• Matt
      Matt says:

      Agree, now all you need is a big fun event to invite them too. You should work on that Greg!

      • Greg Lewandowski
        Greg Lewandowski says:

        Boat rides are just one of the many fun activities that the younger generation can enjoy at Boat the Blue. Check it all out with the banner on the left side of WoodyBoater. Make your plans NOW. There, is that an Instagram, or what!

        • Brian
          Brian says:

          Agreed. The hobby places too much emphasis on a near impossible goal. It’s akin to saying we need more 20-somethings to buy vacation homes or to take up travel. They’re busy getting established in life with jobs, kids, down payments on homes, a first new car, etc. Don’t worry, they know the classics are cool and some will aspire to own and maintain one – someday. Let’s start a program to get more 50-somethings into wood boats. They have the time and the means. That’s where your market growth is.

  2. m-fine
    m-fine says:

    I will say, you will never attract a young crowd to boat shows with static displays and judging based on factory original standards. Restomods and boats being used will get WAY more attention.

  3. Bob Kays
    Bob Kays says:

    A big chunk of my followers on Instagram are young people and Europeans. Wakeboard kids seem to love wood boats. Maybe one day these 20 somethings will be wood boat buyers!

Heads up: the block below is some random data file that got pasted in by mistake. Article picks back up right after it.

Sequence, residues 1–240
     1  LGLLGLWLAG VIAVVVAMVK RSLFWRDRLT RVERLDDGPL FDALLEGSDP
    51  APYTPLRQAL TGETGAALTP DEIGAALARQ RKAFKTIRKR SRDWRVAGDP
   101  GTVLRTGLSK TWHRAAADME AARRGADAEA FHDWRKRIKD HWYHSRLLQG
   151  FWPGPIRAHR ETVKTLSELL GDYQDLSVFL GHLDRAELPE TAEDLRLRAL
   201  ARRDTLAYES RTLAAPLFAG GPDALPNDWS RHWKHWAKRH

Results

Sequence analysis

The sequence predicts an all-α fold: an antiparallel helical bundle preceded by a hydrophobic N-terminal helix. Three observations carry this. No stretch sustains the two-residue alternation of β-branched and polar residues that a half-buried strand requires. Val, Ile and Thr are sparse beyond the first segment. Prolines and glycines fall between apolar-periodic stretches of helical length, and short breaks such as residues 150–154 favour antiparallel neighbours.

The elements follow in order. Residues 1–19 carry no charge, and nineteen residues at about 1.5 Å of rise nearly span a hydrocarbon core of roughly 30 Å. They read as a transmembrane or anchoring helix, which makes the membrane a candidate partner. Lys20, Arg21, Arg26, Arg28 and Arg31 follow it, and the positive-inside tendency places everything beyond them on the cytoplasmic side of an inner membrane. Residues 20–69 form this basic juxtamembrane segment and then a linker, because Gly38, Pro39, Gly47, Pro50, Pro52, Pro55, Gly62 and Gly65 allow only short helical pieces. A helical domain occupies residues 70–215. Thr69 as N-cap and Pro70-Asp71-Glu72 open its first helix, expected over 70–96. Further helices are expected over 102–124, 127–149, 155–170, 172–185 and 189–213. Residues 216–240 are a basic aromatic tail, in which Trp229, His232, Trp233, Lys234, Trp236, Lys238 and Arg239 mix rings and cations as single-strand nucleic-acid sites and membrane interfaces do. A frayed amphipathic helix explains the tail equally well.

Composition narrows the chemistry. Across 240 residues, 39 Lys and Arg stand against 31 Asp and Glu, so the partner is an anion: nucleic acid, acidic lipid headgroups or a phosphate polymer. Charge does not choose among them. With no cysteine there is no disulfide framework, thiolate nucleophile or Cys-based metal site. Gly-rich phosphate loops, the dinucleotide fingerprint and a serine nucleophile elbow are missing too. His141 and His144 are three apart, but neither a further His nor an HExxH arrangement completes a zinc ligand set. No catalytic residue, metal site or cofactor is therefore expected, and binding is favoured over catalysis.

• m-fine
      m-fine says:

      Speaking of Bob Kays photos, today is flip your Hapotcong calendar day!

      Oh, and the hobby needs more young people.

  4. Tparsons56
    Tparsons56 says:

    My three daughters, all in their twenties, love riding in the classic boats as long as they don’t have to do any of the maintenance. That is ok with me, however, as at my age I enjoy “puttering” on the boat. As a matter of fact I have been up since 7 washing the Fay and Bowen and getting ready to launch her while everyone else in the house (even the dog) are still asleep!

    • Sunday Funday
      Sunday Funday says:

      Shouldn’t the statement be “The hobby needs more people” ? I agree that young people like the Ramsey Bros are the Holy Grail, but to say that the only way the hobby can survive is with young people is wrong. I am 50 and just getting in to the woody boat hobby. I’ve boated for 30 years in the go fast world. My current boat tops out at 65 mph, has a bed, a flush toilet, microwave and fridge. Wood boats didn’t fit for me. Now I’m ready for a different style of boat and boating.
      I figure this hobby has me for 20 -30 yrs. I hope I’m welcome as “new” even if I’m not young!

      • Dennis Mykols
        Dennis Mykols says:

        That’s a great story. I to was into go-fast boats and just bought an 18 Donzi in the Fall of 2009. Then I was cruizin on Torch Lake, and out of the Clam River came a u-22 Chris. I knew right then I wanted a change in may boating style. The next Spring I bought my HackerCraft Gentleman Racer.
        Ok, I was still in a “Go Fast mode, but doing it in “STYLE”. Been a CLassic boater now for the past 9 years.